• Govt to delay filing of new tax reforms

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    New tax reforms won’t be introduced until after Congress acts on a first set of measures, which the Finance department still expects to be approved before the end of the year.

    “I think we should finish the package one first before we discuss the package two; probably we will move it three months down, so by January,” Finance Secretary Carlos Dominguez 3rd told reporters.

    Earlier this month, he said the department would submit the second of an expected five packages under the Comprehensive Tax Reform Program (CTRP) to Congress before the end of the year.

    The second set will call for the lowering of the corporate income tax to 25 percent from 30 percent and rationalizing fiscal incentives for businesses. In terms of revenue potential, the Finance department has said that package two would be neutral.

    “I think it is better for us to concentrate on the current issues before we discuss another one. So we would much rather discuss that after we finish this package one,” Dominguez said.

    Package one was submitted to Congress in September last year. Now called the proposed Tax Reform for Acceleration and Inclusion (Train) Act following revisions at the House of Representatives, it aims to lower personal income taxes, expand the coverage of the value-added tax, raise excise taxes and improve tax administration.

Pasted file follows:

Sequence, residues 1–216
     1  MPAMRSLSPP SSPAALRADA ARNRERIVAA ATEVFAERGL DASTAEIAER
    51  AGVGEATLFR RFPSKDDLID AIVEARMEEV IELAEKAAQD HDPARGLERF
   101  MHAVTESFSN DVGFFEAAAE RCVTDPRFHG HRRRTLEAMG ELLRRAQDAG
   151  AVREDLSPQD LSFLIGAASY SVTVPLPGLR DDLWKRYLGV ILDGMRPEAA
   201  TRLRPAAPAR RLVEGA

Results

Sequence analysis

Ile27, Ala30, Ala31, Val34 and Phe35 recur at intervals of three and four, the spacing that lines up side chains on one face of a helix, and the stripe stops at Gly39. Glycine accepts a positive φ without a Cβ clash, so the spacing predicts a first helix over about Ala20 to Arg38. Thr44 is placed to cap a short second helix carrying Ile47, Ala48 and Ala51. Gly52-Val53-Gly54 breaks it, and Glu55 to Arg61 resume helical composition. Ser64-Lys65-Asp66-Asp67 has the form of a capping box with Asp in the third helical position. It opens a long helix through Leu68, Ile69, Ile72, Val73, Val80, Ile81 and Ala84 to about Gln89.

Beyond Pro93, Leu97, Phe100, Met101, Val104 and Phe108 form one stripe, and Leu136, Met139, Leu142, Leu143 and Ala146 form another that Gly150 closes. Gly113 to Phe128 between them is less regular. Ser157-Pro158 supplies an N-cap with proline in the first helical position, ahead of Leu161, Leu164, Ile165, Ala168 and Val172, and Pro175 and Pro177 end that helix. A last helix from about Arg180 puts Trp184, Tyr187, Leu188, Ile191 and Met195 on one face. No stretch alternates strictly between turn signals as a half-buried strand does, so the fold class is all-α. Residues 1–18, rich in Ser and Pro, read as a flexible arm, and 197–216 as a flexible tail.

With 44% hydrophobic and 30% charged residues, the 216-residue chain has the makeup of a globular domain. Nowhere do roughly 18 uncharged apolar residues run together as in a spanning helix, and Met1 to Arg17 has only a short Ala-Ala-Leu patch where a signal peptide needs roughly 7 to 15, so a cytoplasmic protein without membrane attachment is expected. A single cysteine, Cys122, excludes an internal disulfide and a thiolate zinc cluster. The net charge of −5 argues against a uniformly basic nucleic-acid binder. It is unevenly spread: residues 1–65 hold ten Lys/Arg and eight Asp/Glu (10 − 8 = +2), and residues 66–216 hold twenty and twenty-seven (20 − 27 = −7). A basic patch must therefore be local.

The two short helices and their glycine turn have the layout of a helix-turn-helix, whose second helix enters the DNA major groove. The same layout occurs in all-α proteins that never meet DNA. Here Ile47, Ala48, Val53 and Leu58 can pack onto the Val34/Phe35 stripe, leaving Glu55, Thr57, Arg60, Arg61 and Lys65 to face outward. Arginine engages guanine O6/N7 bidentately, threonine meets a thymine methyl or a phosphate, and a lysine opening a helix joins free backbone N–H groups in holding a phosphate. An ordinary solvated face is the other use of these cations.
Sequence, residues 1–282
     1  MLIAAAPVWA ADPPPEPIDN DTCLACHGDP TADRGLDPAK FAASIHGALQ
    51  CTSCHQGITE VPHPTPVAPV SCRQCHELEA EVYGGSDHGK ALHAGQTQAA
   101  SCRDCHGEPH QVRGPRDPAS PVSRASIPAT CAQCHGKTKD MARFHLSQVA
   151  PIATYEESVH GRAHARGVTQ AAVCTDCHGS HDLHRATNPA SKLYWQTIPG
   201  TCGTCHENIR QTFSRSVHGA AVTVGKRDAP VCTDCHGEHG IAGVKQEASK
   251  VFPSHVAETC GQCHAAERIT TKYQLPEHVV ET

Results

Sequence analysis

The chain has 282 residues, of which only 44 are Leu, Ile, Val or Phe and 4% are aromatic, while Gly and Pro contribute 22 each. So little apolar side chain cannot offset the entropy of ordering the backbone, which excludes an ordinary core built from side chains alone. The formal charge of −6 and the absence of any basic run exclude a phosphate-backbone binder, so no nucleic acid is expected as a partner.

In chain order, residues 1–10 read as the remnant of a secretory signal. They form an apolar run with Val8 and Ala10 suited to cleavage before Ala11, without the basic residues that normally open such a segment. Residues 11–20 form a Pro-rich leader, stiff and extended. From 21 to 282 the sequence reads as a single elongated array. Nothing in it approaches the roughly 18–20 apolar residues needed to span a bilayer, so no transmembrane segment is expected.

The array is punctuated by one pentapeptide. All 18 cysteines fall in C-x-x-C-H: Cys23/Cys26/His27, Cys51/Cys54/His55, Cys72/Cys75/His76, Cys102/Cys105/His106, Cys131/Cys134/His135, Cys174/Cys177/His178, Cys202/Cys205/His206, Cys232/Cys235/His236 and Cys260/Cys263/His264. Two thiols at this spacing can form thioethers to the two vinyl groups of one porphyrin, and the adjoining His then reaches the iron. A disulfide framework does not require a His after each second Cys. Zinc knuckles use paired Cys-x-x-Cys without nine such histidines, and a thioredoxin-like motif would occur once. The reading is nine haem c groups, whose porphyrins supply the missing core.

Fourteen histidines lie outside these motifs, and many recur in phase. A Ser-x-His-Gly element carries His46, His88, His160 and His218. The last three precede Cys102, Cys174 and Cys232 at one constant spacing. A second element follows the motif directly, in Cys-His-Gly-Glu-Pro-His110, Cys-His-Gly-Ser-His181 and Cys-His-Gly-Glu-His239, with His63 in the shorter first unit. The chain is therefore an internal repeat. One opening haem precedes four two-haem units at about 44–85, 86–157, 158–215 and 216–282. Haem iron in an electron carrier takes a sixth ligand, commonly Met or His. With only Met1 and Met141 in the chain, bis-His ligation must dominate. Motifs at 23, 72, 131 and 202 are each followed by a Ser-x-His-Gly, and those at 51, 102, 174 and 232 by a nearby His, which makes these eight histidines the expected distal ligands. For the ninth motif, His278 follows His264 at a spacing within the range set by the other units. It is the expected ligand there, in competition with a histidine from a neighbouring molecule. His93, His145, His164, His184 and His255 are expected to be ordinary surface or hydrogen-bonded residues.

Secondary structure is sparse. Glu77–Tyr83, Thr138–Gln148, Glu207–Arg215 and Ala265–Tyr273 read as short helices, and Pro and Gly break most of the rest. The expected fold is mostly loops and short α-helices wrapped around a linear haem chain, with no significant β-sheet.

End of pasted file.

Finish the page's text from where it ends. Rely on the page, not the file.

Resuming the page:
Train, which was approved in May by the House, is currently being tackled at the Senate along with Senate Bill 1408 that contains the original Finance department version.

    The Senate has said it was unlikely to adopt the entirety of the government’s first comprehensive tax reform package.

    “There’s some changes … But more or less it’s maybe 50 percent to 60 percent or 70 percent of what the DoF (Department of Finance) proposed,” ways and means committee chairman Sen. Juan Edgardo Angara said last week.

    Angara said some changes would involve lowering the proposed sugar sweetened beverage tax to P5 from P10 per liter, staggering the implementation of higher fuel taxes and retaining value-added tax exemptions for housing and renewable energy.

    The potential revenue from the Senate version, he claimed, would be about P130 billion or about the same as the P133.8 billion estimated by the Finance department.

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